All outgoing links from a webpage w are equally

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Unformatted text preview: has eigenvalue 1 (with multiplicity 1), and there is a unique positive vector x such that: Note that if a limiting distribution x exists, then it –  x ⋅ A = A (*) definitely needs to satisfy (*), o.w. it wouldn’t be a limiting ￿ distribution. The point of the theorem is that the Markov –  i xi = 1 (**) Chain indeed converges to the unique eigenvector of A satisfying (*) and (**), no matter what x0 is. Theorem: For any x0, xt→ x as t→∞. •  x is called the “stationary distribution of G” Two obvious Questions: –  why is x∞ interesting? –  how fast does xt→x∞ ? Menu •  Random walks on graphs •  Markov Chains •  Examples: –  pagerank –  card-shuffling –  colorings Pagerank •  No better proof that something is useful than having cool applications  •  It turns out that Markov Chains have a famous one: PageRank. •  PageRank of a webpage w ≈ Probability that a web-surfer starting from some central page (e.g. Yahoo!) and clicking random links arrives at webpage w. •  How to compute this probability? •  Form graph G = the hyperlink graph; •  Namely, G has a node for every webpage, and there is an edge from webpage w1 to webpage w2 iff there is a hyperlink from w1 to w2. •  All outgoing links from a webpage w are equally probable. •  Compute stationary distribution x∞, i.e. the left eigenvector of the transition matrix A of G, corresponding to eigenvalue 1. •  Pagerank of page w = x∞(w). Computing Pagerank •  Graph G = the hyperlink graph   Compute stationary distribution of G, i.e. the left eigenvector of the (normalized by out-degrees) adjacency matrix A of G, corresponding to eigenvalue 1. •  How to compute stationary distribution? •  Idea 1: Crawl the web, create giant A, solve eigenvalue problem. •  Runtime O(n3) using Gaussian elimination •  this is too much for n = size of the web. •  Idea 2: Simulate the walk sufficiently many times (theory meets practice) –  Start at some...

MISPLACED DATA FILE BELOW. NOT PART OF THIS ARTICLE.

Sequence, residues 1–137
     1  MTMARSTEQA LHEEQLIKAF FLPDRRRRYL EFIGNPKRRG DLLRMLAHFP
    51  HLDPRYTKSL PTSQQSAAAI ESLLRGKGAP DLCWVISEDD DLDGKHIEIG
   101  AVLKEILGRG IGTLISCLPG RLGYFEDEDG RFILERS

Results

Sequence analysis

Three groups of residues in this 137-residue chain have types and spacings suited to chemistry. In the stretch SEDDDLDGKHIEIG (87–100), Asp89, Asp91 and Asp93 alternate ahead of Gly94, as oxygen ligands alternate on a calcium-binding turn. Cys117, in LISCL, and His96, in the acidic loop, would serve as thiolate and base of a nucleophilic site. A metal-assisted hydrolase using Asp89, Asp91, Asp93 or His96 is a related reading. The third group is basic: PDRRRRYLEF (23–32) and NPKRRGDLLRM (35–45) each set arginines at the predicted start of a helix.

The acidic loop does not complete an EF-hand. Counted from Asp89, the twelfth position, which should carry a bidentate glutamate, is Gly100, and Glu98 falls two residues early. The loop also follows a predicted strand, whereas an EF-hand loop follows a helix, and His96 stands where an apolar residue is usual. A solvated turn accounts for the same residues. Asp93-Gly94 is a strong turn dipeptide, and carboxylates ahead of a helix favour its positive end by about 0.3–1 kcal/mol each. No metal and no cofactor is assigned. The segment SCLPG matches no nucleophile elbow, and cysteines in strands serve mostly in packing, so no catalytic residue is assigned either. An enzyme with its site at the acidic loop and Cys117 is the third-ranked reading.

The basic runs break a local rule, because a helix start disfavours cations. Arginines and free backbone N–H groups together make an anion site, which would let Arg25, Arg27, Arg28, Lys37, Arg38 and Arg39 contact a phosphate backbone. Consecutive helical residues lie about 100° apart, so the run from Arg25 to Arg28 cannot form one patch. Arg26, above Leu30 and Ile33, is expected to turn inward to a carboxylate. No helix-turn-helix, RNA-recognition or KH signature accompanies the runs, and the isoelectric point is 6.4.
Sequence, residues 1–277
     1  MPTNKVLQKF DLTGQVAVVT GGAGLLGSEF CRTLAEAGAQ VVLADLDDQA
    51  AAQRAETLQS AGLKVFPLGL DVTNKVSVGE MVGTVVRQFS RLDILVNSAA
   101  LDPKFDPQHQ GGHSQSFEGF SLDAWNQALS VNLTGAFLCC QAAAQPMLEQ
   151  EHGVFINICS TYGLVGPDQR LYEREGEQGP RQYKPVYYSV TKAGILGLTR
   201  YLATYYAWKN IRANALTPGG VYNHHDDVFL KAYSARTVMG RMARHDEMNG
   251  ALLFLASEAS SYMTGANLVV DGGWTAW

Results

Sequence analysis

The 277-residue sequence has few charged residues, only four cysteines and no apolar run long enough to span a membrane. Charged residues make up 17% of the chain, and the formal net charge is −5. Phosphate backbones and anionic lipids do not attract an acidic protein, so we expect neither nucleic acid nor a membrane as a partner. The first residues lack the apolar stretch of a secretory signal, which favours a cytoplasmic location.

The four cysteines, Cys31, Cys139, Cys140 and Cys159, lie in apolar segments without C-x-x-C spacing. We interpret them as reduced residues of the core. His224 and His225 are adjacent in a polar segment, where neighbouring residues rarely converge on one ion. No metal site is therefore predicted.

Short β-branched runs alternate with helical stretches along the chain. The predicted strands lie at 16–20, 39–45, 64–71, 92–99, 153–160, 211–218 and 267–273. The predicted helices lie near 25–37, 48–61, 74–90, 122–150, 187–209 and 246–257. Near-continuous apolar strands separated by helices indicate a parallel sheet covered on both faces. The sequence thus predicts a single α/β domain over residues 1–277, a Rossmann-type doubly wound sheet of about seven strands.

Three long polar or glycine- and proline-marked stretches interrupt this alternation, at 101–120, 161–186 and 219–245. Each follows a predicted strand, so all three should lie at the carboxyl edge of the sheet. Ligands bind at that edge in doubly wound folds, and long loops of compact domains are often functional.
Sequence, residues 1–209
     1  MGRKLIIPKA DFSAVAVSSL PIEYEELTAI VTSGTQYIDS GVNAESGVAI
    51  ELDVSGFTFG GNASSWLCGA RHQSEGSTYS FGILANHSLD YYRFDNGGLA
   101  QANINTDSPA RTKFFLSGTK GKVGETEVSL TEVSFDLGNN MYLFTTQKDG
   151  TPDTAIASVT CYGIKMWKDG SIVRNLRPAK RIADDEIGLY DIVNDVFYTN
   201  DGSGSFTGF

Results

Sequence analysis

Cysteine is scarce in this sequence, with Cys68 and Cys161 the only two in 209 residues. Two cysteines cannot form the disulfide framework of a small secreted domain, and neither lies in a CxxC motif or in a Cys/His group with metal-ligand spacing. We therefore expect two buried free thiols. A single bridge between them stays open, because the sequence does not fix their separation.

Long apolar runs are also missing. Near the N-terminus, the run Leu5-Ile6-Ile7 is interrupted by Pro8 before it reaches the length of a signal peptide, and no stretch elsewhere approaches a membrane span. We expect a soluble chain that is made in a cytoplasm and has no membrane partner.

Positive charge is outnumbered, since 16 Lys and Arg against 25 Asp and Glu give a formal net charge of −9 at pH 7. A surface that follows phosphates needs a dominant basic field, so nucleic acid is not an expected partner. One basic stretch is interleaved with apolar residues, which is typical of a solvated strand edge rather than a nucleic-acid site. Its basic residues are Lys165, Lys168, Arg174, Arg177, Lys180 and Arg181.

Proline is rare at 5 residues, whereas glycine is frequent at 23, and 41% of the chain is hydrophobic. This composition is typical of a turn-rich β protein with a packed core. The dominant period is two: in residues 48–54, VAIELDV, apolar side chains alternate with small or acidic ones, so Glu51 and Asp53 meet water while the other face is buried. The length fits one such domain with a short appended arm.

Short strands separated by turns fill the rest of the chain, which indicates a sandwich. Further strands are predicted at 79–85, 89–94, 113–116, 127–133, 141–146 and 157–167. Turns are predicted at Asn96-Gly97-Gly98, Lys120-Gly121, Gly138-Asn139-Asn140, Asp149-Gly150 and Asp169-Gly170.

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This note was uploaded on 09/07/2013 for the course EECS 18.410 taught by Professor Erikdemaine during the Spring '13 term at MIT.

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